The Institute should have the frameworks and financial resources to encourage faculty participation, time and space for reflection, delight in discovery, and further deepening of one’s knowledge. It should also become a destination for scholars outside Swarthmore who are interested in the future of the liberal arts by stimulating generative conversation about liberal arts education and providing a physical space to convene such activity.

Currently no collection of scholars and practitioners is devoted to understanding the intrinsic value of the residential college, encouraging innovation in this setting, or expanding liberal arts approaches around the world. Swarthmore has both an opportunity and an obligation to support this unique form of undergraduate education by ensuring that the faculty continues to innovate in the liberal arts and by hosting others to conduct critical research on the future of the liberal arts. A faculty-led task force should study this proposal more in-depth.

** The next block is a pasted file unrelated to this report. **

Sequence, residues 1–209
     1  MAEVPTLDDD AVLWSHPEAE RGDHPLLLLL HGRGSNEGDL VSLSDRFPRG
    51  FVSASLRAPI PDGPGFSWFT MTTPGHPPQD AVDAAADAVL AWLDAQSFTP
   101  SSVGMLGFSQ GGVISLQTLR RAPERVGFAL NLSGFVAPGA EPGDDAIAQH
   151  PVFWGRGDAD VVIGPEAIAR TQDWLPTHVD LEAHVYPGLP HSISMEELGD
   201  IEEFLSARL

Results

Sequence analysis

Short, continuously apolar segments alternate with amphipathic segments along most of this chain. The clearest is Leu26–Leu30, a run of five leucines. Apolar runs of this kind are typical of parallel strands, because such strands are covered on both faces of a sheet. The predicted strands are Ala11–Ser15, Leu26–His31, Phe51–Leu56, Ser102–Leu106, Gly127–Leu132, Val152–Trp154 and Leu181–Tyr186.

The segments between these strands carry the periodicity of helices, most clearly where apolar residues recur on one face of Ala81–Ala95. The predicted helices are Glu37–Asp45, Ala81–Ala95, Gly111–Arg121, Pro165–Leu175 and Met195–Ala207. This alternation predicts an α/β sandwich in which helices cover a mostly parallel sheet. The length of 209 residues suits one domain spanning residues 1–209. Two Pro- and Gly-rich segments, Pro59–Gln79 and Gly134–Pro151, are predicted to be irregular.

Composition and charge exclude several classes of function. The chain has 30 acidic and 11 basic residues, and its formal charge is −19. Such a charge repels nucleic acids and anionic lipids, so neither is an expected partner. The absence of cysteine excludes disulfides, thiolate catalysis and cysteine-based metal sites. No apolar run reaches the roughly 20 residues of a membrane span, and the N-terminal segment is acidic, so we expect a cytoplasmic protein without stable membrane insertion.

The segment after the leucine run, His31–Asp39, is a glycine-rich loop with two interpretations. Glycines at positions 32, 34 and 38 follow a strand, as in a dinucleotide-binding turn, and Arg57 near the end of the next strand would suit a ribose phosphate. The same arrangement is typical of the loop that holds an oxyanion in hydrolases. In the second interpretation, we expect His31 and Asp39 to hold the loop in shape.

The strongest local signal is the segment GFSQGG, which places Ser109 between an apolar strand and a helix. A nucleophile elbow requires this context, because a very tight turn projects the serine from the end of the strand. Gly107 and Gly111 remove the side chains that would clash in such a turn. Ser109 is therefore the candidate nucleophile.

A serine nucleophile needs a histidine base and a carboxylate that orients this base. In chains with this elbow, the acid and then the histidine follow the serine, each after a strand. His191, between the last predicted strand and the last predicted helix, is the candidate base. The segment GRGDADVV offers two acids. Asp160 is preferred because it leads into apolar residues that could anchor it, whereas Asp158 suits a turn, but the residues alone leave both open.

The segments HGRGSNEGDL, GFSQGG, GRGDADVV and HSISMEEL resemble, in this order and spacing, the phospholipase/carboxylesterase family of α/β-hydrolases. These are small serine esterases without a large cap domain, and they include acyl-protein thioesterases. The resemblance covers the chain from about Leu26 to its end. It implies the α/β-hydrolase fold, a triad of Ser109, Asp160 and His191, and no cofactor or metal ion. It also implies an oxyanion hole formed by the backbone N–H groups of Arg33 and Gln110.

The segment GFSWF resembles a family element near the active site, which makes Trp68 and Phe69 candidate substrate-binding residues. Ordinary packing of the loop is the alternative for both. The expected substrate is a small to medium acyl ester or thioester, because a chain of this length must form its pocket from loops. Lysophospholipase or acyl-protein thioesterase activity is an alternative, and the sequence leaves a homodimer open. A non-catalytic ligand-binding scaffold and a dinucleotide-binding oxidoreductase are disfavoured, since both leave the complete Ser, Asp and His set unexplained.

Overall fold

This recommendation has three parts:

Foster exploration and curricular innovation by providing a flexible structure and support for faculty to develop new courses and pedagogical practices and host seminars on topics relating to teaching and research in the liberal arts; support new modes of scholarly production and dissemination; and sponsor publications relating to current explorations, student-faculty collaborations, and symposia. The Institute should include staff members who play a lead role in updating faculty on technological innovation in the classroom.

We should also provide a place, such as that envisioned as part of the proposed inn project, for contemplative, nondisciplinary-specific discussion among faculty to foster more social exploration of great ideas and exciting innovations.

Convene and support scholarly activity on the future of the liberal arts at national and international levels. Promote the visibility and viability of Swarthmore College in particular and of the residential liberal arts college in general. This includes supporting research on the effectiveness of the liberal arts and its future potential, including but not limited to support for liberal arts around the world. Such support may include hosting visiting fellows, convening conferences, serving as a think tank for relevant research, and encouraging a network of those study innovative topics.

We should also track regional, national, and global political trends affecting liberal arts colleges and create an information resource about those trends for interested faculty and our other constituencies.